When Your Search Engine Love Changes: How To Cope With Hummingbird
As Valentine’s Day nears, I find myself reflecting on a life-long love: Google.
In September of 2013, the Google I knew and loved unexpectedly changed under the auspices of “Hummingbird.” You may have heard a bit or two about it, but most of us have not taken a moment to consider its full impact.
Google’s search engine uses a proprietary algorithm or equation to find the most relevant content for an individual’s search. On September 26, Google announced the launch of a search engine game-changer, one that had actually been implemented a month before the official announcement. When Google rolled out it’s new search algorithm, codenamed Hummingbird, it was the most comprehensive search engine change since 2009 and affected over 90% of all searches.
The primary differences are a new focus on ‘long-tail keywords’ or ‘semantic search’ as well as higher standards for site credibility and authority, as measured by both social engagement (like Facebook shares) and credible referring links (like local newspaper interviews).
One can only speculate the reasons for such a drastic change, but many online and SEO pundits suspect that the shift is a result of increasing mobile accessibility due to advances in mobile device technology.
How does this impact my online strategy?
Sites with breadth of content will bring more relevant visitors than keyword dense content
Short keyword rankings are no longer the strongest indicator of a strong online presence
Measuring success on different ‘entrance pages’ can help define new objectives for content relevancy moving forward
How do I grow exposure to my site?
Publish content frequently; at minimum, update your site weekly
Create content that answers questions, this targets Hummingbird’s longer keyword rankings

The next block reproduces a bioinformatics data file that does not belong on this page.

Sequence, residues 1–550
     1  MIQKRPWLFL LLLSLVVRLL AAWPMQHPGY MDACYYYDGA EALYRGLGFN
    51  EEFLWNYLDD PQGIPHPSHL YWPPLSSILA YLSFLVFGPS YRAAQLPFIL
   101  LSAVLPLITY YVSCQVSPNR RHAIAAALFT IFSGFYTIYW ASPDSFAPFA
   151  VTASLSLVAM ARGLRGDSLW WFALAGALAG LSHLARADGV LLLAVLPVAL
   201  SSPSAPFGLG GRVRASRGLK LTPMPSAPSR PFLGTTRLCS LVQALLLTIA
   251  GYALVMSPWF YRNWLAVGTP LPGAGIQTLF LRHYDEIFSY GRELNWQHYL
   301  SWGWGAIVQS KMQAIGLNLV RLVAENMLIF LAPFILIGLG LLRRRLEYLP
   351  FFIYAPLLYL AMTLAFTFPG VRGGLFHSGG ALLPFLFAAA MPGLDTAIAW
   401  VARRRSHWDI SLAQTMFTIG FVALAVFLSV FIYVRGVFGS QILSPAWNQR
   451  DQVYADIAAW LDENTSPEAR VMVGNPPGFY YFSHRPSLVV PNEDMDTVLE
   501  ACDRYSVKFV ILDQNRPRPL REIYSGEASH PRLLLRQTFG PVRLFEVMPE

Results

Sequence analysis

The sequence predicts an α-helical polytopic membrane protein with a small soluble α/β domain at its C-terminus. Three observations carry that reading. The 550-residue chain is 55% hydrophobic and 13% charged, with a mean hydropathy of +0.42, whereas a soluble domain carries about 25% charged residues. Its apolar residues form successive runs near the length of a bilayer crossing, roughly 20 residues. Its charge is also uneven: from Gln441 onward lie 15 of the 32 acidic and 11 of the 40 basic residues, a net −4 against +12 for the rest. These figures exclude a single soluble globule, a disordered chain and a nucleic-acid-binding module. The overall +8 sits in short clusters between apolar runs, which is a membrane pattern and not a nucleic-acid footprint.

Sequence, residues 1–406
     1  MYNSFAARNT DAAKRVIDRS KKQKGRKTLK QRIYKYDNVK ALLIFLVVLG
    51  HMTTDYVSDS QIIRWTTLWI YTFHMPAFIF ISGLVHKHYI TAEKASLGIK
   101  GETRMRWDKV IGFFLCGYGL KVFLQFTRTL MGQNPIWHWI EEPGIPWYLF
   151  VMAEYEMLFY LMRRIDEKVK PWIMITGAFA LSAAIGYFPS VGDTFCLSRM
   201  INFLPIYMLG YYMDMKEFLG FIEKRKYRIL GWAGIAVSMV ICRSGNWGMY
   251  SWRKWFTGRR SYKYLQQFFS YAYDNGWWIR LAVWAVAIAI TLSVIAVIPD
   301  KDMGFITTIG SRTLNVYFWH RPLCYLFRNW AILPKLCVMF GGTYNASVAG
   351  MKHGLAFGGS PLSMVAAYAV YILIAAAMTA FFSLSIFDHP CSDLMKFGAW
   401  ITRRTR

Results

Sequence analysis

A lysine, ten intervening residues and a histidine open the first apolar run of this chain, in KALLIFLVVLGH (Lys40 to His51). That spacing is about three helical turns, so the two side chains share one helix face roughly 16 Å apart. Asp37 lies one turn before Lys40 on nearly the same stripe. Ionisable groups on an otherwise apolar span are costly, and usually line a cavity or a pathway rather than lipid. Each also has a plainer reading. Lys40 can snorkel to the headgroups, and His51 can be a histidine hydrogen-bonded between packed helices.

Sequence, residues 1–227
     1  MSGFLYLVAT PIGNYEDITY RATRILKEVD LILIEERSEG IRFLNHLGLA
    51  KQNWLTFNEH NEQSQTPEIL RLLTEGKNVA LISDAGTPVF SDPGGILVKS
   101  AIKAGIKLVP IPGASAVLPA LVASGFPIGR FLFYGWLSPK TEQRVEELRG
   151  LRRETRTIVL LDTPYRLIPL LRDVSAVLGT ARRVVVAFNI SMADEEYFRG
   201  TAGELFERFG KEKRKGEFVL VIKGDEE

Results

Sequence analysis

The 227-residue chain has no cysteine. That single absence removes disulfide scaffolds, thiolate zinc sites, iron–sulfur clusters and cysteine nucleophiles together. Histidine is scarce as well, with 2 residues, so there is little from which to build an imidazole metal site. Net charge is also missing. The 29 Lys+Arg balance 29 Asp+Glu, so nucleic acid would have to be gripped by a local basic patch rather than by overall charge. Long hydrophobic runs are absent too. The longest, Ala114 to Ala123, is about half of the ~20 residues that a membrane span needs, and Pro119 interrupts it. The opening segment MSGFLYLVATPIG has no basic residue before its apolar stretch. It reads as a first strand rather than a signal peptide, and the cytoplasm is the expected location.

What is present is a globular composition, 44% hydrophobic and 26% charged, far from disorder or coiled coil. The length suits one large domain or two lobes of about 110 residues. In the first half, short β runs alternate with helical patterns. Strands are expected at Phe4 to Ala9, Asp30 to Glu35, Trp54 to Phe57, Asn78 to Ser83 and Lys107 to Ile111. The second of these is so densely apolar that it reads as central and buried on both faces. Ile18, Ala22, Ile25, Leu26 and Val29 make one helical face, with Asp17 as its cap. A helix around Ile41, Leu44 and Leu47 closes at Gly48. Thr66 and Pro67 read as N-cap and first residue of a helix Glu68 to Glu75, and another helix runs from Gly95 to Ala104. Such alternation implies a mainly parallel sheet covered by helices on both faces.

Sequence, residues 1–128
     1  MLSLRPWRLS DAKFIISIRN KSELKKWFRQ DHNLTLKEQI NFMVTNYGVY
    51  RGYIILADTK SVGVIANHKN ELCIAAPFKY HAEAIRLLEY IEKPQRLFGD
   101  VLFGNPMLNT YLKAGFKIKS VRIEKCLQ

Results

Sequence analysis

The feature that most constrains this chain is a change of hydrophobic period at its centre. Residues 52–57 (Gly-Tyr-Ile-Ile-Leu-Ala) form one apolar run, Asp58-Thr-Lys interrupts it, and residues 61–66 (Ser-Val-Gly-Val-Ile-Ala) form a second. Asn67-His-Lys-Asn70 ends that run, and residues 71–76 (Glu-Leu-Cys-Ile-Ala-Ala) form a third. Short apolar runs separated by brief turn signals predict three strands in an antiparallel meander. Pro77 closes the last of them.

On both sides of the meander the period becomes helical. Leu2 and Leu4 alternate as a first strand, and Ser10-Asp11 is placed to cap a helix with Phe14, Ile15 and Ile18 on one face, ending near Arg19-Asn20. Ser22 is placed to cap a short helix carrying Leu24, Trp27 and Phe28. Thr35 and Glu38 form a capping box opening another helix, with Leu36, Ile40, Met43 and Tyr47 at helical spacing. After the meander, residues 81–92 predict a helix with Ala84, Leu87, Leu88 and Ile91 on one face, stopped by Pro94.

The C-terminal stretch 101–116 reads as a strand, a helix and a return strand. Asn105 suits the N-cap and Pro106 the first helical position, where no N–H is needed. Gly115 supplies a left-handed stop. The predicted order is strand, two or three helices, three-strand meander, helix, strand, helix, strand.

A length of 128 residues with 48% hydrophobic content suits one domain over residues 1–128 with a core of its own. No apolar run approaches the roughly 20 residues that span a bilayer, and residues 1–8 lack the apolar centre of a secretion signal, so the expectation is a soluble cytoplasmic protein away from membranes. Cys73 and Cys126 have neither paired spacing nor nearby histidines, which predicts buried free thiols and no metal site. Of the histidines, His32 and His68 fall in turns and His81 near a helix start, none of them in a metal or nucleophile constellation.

Content that inspires sharing will increase your site’s authority online and raise your rankings
Publish recent and relevant content that adds to the conversation on a trending issue
Create infographics, frequently asked questions and conversational web pages
Utilize internal staff to promote social media regularly
Complement content efforts with a targeted paid placement search campaign
Google Hummingbird is just one big change happening in the online world. In 2013, the online space saw changes with the rollout of Graph Search on Facebook and Bing/Yahoo also implemented a Hummingbird-like update. Throughout 2013, Google implemented other quiet changes, like limiting how much keyword information is available in Google Analytics.
Since search algorithms are proprietary, the measures of page rankings have changed significantly, and there’s no way to tell for certain what strategies will positively impact their results although there are guidelines.
It’s a new Search Engine world, and while SEO is not dead, it has changed and we shall see in the coming months what it means for thousands of websites.
This change reminds us that the Internet is an organic, ever-changing world. We can’t ever get too comfortable or we will be left behind.
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